Cells of the Krebs ascites tumor of mice grow well in the body of the chick embryo until about the 17th day of incubation, when degeneration of the tumor can be seen in tissue sections and viable tumor cells begin to disappear from the internal organs of the embryo.

This death of tumor cells follows the appearance in the chick embryo of serum gamma globulins. Among these are antibodies which can agglutinate the tumor cells in vitro, and destroy their viability. These antibodies occur in the blood without the introduction of any foreign antigen. Their possible origin is discussed.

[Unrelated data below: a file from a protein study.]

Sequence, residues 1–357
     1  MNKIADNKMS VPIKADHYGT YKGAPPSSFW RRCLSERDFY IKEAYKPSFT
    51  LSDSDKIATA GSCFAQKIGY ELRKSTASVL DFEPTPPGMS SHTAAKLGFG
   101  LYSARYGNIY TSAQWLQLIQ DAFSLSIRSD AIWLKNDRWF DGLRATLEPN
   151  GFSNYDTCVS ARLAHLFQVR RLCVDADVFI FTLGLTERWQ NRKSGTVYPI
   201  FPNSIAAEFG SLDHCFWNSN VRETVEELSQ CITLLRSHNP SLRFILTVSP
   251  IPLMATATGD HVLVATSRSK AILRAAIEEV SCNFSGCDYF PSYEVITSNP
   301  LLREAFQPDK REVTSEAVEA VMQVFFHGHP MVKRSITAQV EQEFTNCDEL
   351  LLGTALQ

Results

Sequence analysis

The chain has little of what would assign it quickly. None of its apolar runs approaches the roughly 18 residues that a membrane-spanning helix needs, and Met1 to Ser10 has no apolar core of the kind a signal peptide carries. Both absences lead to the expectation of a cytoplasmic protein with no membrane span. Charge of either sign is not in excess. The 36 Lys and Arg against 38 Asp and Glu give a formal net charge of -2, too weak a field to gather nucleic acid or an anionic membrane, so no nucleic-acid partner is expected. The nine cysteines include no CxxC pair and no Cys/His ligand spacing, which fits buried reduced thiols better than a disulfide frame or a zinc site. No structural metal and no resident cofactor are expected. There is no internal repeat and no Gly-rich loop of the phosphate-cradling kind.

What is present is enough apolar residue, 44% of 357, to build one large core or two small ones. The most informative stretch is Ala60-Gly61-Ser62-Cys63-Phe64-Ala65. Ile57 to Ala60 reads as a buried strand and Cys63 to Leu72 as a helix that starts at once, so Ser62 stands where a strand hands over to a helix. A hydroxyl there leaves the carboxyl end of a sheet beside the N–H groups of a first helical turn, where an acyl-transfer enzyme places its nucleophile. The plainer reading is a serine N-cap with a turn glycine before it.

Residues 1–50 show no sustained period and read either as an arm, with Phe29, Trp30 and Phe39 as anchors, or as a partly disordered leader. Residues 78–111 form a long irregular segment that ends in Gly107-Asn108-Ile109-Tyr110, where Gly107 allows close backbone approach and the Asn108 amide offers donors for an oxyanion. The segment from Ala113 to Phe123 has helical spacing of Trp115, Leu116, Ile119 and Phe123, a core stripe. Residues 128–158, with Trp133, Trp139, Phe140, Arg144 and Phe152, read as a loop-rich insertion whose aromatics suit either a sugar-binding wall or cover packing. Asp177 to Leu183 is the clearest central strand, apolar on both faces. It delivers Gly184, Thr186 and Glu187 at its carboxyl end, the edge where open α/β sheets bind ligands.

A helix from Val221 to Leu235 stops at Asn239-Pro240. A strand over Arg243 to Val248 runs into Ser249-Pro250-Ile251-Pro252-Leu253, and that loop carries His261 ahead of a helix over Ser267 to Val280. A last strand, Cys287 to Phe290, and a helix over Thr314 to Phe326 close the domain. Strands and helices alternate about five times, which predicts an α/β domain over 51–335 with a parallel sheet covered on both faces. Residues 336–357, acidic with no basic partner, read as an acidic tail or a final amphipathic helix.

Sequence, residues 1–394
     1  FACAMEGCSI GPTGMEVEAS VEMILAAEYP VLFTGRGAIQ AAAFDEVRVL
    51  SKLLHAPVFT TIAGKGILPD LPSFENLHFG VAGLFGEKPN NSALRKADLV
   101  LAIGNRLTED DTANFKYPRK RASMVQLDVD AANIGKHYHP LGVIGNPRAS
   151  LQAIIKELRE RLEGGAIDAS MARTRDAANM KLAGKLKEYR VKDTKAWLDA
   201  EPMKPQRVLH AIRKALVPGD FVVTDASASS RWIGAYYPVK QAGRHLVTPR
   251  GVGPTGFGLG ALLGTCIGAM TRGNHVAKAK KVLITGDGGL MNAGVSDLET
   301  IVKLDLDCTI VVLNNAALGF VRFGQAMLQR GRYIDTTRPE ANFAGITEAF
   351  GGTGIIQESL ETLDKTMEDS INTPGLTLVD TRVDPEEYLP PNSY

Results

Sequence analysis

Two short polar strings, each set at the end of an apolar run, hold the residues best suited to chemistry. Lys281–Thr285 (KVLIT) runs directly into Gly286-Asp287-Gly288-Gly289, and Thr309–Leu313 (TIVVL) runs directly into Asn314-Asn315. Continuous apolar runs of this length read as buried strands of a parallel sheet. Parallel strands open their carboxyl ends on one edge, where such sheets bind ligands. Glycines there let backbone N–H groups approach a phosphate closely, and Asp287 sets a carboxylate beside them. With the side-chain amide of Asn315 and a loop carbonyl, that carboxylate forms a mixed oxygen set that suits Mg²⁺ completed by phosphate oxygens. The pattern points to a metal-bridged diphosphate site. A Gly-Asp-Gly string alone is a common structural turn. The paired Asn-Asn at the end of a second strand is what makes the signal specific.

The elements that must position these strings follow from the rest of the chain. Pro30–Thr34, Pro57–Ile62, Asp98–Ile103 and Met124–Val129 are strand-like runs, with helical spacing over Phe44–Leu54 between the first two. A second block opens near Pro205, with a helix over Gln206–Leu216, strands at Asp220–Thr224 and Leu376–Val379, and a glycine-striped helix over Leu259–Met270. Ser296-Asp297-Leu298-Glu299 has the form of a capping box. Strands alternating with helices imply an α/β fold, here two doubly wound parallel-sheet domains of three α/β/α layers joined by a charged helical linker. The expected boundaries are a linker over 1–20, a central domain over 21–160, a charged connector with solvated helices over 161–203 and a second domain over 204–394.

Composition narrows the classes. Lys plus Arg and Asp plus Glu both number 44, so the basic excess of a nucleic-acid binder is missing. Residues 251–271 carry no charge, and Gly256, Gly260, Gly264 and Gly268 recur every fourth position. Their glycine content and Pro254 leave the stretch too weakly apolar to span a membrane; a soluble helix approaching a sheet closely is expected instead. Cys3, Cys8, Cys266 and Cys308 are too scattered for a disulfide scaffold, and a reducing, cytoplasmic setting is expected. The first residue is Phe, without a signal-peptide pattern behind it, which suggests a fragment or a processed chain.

Small numbers of mouse tumor cells growing in the chick embryo are completely eliminated shortly after the time when antibodies ordinarily become detectable. When the number of cells present is larger, viable cells persist longer, and at still higher cell numbers, the embryo or chick is unable to eliminate the tumor, and is itself killed by it.

Gamma globulins of older birds injected into young chick embryos bearing growing tumor clear the embryonic organs of viable tumor cells.

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